CAIRO (Reuters) -Egyptians voted on Wednesday in the first stage of legislative elections expected to make only minor inroads in the domination of parliament by President Hosni Mubarak”s National Democratic Party (NDP).
The elections are especially important this year because they could decide who can run for president of the Arab world”s most populous nation at any time up to 2010. Mubarak is 77.
Parties must win at least 23 of the 444 elected seats in the lower house to field a presidential candidate during parliament”s next term.
Election officials at six Cairo polling stations reported turnout of between 10 and 20 percent. Turnout at the end of the 2000 elections was between 14 and 40 percent.
Opposition and monitoring groups reported incidents of intimidation, vote-buying, abuse of state-owned vehicles and tampering with ballot boxes. Inaccuracies in electoral registers were also a big problem and some voters did not use the indelible ink meant to prevent multiple voting, they said.
"There is complete forgery by every way and means," said Mohamed Mahdi Akef, head of the Muslim Brotherhood, an opposition Islamist group which runs candidates as independents because authorities ban them from forming a party.
It has about 140 candidates and was the largest opposition bloc in the outgoing assembly with 17 seats.
The Brotherhood said that in one constituency three ballot boxes were swapped en route to vote counting stations. Opposition groups complained they were blocked from observing the counting.
"It”s the same old stubborn regime playing the same old tricks. This is a police state and they don”t give up," said Gameela Ismail, wife and spokesman of opposition Ghad party leader Ayman Nour.
Leading Ghad party member Akmal Taam said thugs attacked him outside a polling station in central Cairo. In the south Cairo suburb of Maadi, NDP supporters scared away voters until security forces arrived, witnesses said.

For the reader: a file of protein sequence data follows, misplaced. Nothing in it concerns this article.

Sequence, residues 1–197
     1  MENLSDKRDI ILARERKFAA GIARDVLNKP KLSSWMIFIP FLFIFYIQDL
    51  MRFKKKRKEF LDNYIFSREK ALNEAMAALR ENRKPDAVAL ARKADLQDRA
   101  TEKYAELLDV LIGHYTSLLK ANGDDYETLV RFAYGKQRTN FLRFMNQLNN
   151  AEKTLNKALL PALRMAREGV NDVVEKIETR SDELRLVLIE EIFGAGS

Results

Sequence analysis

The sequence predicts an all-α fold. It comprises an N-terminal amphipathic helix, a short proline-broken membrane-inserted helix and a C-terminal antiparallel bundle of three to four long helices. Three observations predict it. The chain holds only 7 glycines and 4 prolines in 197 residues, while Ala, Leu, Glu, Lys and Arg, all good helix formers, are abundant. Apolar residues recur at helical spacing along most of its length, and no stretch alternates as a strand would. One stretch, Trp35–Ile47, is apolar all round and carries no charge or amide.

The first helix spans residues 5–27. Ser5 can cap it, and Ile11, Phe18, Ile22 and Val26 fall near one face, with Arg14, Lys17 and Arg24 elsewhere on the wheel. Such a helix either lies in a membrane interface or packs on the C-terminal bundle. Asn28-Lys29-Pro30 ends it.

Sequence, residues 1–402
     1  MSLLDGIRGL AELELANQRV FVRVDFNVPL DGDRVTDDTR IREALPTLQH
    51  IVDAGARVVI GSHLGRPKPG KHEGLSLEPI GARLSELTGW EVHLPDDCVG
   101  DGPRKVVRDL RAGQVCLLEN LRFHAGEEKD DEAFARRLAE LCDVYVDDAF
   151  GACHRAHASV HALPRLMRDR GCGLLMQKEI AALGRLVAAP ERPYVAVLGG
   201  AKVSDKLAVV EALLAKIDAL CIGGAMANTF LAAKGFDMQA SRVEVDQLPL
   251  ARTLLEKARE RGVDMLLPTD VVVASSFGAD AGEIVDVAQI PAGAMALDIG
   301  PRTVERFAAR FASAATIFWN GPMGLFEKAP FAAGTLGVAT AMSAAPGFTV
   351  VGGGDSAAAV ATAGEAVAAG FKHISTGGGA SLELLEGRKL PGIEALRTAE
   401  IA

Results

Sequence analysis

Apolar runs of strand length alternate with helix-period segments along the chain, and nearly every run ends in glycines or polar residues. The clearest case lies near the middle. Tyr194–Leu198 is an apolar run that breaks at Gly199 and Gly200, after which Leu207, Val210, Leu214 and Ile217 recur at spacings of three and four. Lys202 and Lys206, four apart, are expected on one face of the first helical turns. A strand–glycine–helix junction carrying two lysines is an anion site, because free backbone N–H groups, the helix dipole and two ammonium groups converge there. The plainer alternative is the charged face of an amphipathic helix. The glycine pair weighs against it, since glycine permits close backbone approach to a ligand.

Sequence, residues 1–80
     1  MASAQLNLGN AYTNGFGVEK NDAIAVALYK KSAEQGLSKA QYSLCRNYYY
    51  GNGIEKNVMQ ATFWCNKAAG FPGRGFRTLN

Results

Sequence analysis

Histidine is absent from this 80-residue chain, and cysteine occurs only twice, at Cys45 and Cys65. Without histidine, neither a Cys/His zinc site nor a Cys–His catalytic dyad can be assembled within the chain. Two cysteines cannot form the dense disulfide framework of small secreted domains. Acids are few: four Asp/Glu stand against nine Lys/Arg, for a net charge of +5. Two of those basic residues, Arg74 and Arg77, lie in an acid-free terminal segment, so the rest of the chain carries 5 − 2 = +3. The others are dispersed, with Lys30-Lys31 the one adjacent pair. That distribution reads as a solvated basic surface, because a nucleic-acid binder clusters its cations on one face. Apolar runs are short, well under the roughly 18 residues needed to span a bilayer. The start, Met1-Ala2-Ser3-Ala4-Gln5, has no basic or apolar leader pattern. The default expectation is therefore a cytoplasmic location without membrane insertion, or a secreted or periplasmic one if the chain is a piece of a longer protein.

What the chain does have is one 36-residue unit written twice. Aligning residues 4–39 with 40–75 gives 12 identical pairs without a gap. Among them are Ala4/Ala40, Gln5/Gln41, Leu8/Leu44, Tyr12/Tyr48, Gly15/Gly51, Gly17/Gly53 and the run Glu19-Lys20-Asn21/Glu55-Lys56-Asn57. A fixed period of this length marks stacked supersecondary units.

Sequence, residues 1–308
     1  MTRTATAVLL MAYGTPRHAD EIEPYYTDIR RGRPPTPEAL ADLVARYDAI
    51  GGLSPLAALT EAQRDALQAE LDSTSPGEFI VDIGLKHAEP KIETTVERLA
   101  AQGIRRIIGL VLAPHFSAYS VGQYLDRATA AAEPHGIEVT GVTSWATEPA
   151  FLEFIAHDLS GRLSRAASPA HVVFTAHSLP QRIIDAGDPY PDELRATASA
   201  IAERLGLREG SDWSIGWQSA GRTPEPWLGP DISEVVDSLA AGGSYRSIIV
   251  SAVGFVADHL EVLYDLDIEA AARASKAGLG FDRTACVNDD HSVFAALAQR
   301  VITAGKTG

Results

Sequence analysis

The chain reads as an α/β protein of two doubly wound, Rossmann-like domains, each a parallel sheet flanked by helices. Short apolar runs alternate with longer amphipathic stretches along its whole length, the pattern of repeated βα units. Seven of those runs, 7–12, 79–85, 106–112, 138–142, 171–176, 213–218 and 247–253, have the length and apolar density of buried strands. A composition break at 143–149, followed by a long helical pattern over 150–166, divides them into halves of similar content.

Still, there was less violence than in the 2000 elections, when 10 people were killed.
A delegation of European parliamentarians who observed voting uninvited said there was some improvement but Egypt could do better. "Palestine operated a model election under occupation and I think possibly the Egyptians could have done a bit better," delegation head Edward McMillan-Scott told Reuters.
The NDP, which had over 85 percent of seats in the old parliament, is expected to win a large majority, just as Mubarak did when he scored 89 percent in Egypt”s first contested presidential elections in September.
Employees of state-owned industries were brought to polling stations to vote for NDP candidates, monitors said. Voters employed by NDP candidates, many of whom own large businesses, said they had been given time off and transport to vote.
Mubarak, his wife Suzanne and son Gamal voted near the presidential palace in northeast Cairo. Gamal is a prominent NDP politician widely seen as a possible successor to his father.
Despite heavy security in some places, some voters said they were encouraged by what they called a changed political climate.
"The last time I came to vote, they didn”t want to let me in and we stood for hours. This year we are seeing a lot of change," said Fatma Zahra, a fully veiled 30-year-old woman.
In the first stage of the election, voters in Cairo, the central provinces and two remote areas choose from some 1,500 candidates vying for 164 of the 444 elected seats. Polls closed at 7 p.m. (1700 GMT).
Egyptians elsewhere vote on November 20 and December 1 with run-offs six days later. Final results are expected in mid-December.